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Are you worried about the wildfire threat to your home, but aren’t sure how to get started in making your home defensible? Follow these six steps to an effective defensible space...

STEP ONE: How big is an effective defensible space? 

The size of the defensible space area is usually expressed as a distance extending outward from the sides of the house. This distance varies by the type of wildland vegetation growing near the house and the steepness of the terrain.

On the “Recommended Defensible Space Distance” chart presented below, find the vegetation type and percent slope (see “Homeowners Guide to Calculating Percent Slope”) which best describes the area where your house is located. Then find the recommended defensible space distance for your situation. 

For example, if your property is surrounded by wildland grasses such as cheatgrass, and is located on flat land, your recommended defensible space distance would extend 30 feet from the sides of the house. If your house is on a 25% slope and the adjacent wildland vegetation is dense tall brush, your recommended defensible space distance would be 200 feet.

If the recommended distance goes beyond your property boundaries, contact the adjacent property owner and work cooperatively on creating a defensible space. The effectiveness of defensible space increases when multiple property owners work together. The local assessor’s office can provide assistance if the owners of adjacent properties are unknown. Do not work on someone else’s property without their permission.

Temporarily mark the recommended distance with flagging or strips of cloth tied to shrubs, trees, or stakes around your home. This will be your defensible space area.

Click to enlarge 

STEP TWO: IS THERE ANY DEAD VEGETATION WITHIN THE RECOMMENDED DEFENSIBLE SPACE AREA?
D
ead vegetation includes dead trees and shrubs, dead branches lying on the ground or still attached to living plants, dried grass, flowers and weeds, dropped leaves and needles, and firewood stacks. In most instances, dead vegetation should be removed from the recommended defensible space area. A description of the types of dead vegetation you’re likely to encounter and the recommended actions are presented below on the next page.
STEP THREE: IS THERE A CONTINUOUS DENSE COVER OF SHRUBS OR TREES PRESENT WITHIN THE RECOMMENDED DEFENSIBLE SPACE AREA?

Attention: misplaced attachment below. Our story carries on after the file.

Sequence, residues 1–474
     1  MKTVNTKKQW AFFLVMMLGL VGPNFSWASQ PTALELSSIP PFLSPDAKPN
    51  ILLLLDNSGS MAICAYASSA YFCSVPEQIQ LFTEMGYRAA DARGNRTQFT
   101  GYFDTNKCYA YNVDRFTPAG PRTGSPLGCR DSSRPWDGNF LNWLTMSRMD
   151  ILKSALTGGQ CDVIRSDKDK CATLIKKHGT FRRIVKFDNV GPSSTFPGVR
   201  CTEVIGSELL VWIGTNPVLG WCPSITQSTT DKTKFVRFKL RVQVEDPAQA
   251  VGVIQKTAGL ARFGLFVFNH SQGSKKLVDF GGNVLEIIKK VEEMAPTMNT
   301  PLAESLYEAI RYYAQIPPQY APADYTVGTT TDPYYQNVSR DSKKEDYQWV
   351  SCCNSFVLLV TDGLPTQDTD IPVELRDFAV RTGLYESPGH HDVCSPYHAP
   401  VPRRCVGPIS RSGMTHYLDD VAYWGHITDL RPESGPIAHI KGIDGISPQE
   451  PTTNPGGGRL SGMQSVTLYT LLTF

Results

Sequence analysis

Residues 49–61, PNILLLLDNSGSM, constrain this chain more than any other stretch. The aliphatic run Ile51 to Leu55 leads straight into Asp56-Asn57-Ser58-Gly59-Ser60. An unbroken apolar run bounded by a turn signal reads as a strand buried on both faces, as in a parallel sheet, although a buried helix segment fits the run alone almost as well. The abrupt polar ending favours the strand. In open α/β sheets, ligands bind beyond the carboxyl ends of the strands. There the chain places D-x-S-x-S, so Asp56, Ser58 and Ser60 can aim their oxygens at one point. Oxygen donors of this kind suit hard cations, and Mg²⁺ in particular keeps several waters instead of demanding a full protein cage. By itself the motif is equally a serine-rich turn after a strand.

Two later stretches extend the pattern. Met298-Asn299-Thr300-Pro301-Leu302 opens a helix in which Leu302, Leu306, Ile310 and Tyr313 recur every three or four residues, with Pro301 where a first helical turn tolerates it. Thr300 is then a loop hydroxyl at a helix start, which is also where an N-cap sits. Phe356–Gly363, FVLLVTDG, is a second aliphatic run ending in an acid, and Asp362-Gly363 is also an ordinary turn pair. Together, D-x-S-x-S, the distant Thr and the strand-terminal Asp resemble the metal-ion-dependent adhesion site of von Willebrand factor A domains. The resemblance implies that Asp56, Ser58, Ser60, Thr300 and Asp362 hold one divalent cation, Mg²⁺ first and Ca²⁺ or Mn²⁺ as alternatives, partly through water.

Sometimes wildland plants can occur as an uninterrupted layer of vegetation as opposed to being patchy or widely spaced individual plants. The more continuous and dense the vegetation, the greater the wildfire threat. If this situation is present within your defensible space area, you should “break-it-up” by providing a separation between plants or small groups of plants.
Not only are steep slopes often considered high wildfire areas, they are also highly erodable. When removing shrubs and trees from steep slopes, keep soil disturbance to a minimum. Also, it may be necessary to replace flammable vegetation with other plant materials to prevent excessive soil erosion.
STEP FOUR: ARE THERE LADDER FUELS PRESENT WITHIN THE RECOMMENDED DEFENSIBLE SPACE AREA?
Vegetation is often present at varying heights, similar to the rungs of a ladder. Under these conditions, flames from fuels burning at ground level, such as a thick layer of pine needles, can be carried to shrubs which can ignite still higher fuels like tree branches. Vegetation that allows a fire to move from lower growing plants to taller ones is referred to as “ladder fuel.” The ladder fuel problem can be corrected by providing a separation between the vegetation layers. 
Within the defensible space area, a vertical separation of three times the height of the lower fuel layer is recommended. 
For example, if a shrub growing adjacent to a large pine tree is three feet tall, the recommended separation distance would be nine feet. This could be accomplished by removing the lower tree branches, reducing the height of the shrub, or both. The shrub could also be removed. 
STEP FIVE: IS THERE AN AREA AT LEAST 30 FEET WIDE SURROUNDING YOUR HOUSE THAT IS “LEAN, CLEAN, AND GREEN”? 
The area immediately adjacent to your house is particularly important in terms of an effective defensible space. It is also the area that is usually landscaped. Within an area extending at least 30 feet from the house, the vegetation should be kept....

• Lean—small amounts of flammable vegetation,
• Clean—no accumulation of dead vegetation or other
flammable debris, and
• Green—plants are healthy and green during the
fire season.

The “Lean, Clean, and Green Zone Checklist” will help you evaluate the area immediately adjacent to your house.
STEP SIX: IS THE VEGETATION WITHIN THE RECOMMENDED DEFENSIBLE SPACE AREA MAINTAINED ON A REGULAR BASIS?
Keeping your defensible space effective is a continual process. At least annually, review these defensible space steps and take action accordingly. An effective defensible space can be quickly diminished through neglect.